Grant Writing Resources

A frequently updated list of useful resources, links and contacts to help with funder requirements such as impact and inclusion and diversity

Successful Research Funding Applications

A library of successful research funding applications maintained by the Edinburgh Research Office. You may also be able to ask colleagues (e.g. in your  Institute) for example proposals. 

https://uoe.sharepoint.com/sites/EdinburghResearchOffice/SitePages/Successful-research-funding-applications.aspx

Research Challenges in Computer Systems for the 2020s
 A useful reference for proposal writing, this  is the final report on the NSF-Sponsored Community Visioning Workshop on Inter-Disciplinary Research Challenges in Computer Systems for the 2020s, highlighting some priority areas: developing the components for a usable planet-scale Internet of Things (IoT), with provably energy-efficient devices; rethinking the hardware-software security contract in the age of AI; making AI a truly dependable technology that is usable by all the citizens in all settings;  developing solutions to tackle extreme complexity, possibly based on formal methods.            
Impact
Fast Track Impact, the go-to site for all things impact from Pathways to Case Studies, Prof. Mark Reed has assembled a library of templates and examples of good practice, including funder specific (UKRI, H2020) or fund-specific (GCRF). Copies of the book available in Research Services Room 5.33
Equality, Diversity and Inclusion

LERU (League of European Research Universities, of which UoE is a member) has just published a position paper Equality, diversity and inclusion at universities: the power of a systemic approach ‘The paper’s key message is that EDI can be more effectively promoted at universities by making use of a comprehensive approach. Such an approach needs to be holistic and systemic in 1/ addressing inclusion and enhanced representation of all under-represented groups; 2/ aiming at the entire academic community of staff and students together; and 3/ making the content of both the research and the research-led curriculum more inclusive.‘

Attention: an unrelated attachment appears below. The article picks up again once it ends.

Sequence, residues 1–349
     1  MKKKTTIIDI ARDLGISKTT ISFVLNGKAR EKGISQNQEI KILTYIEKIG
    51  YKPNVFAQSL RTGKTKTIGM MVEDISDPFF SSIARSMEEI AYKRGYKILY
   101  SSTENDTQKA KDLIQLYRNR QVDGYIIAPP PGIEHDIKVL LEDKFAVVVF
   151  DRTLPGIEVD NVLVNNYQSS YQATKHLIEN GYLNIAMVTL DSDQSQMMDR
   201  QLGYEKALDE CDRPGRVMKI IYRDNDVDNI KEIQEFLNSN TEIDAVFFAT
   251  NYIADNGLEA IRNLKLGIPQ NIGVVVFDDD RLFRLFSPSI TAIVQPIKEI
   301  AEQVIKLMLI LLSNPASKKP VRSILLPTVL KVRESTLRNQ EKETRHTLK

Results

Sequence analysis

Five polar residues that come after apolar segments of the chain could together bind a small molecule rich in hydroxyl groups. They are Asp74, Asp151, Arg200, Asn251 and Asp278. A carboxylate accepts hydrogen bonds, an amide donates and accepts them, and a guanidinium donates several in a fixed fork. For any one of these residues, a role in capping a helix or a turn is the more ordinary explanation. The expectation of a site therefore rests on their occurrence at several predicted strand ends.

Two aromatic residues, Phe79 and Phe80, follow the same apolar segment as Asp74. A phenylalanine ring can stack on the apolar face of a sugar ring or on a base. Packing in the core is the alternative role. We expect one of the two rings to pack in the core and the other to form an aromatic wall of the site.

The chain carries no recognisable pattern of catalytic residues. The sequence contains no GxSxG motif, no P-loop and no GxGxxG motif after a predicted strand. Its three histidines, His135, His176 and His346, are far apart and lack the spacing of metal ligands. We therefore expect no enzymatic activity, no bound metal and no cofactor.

How to Protect Your Research

As a researcher there are steps that you can take that will help you to protect your research, ensure that you are meeting all your legal obligations and support you in making informed decisions about research collaborations.  In the School of Informatics Portfolio Managers, Business Development and other professional services colleagues will support and manage much of this through School and University processes - another reason to be in touch with your Portfolio Manager as soon as possible, providing as much information as possible on your project.

  • Collaborating with research partners – protecting intellectual property, making informed decisions about international collaboration and managing cyber risks
  • Using legal frameworks – understanding contractual expectations, export controls and GDPR
  • Helping researchers to stay safe - protecting your personal and research data, working with overseas researchers and attending conferences abroad
The Centre for the Protection of National Infrastructure has just published How to Protect Your Research, a useful read as it addresses a number of the current issues from cyber security to export control, GDPR to conflict of interest.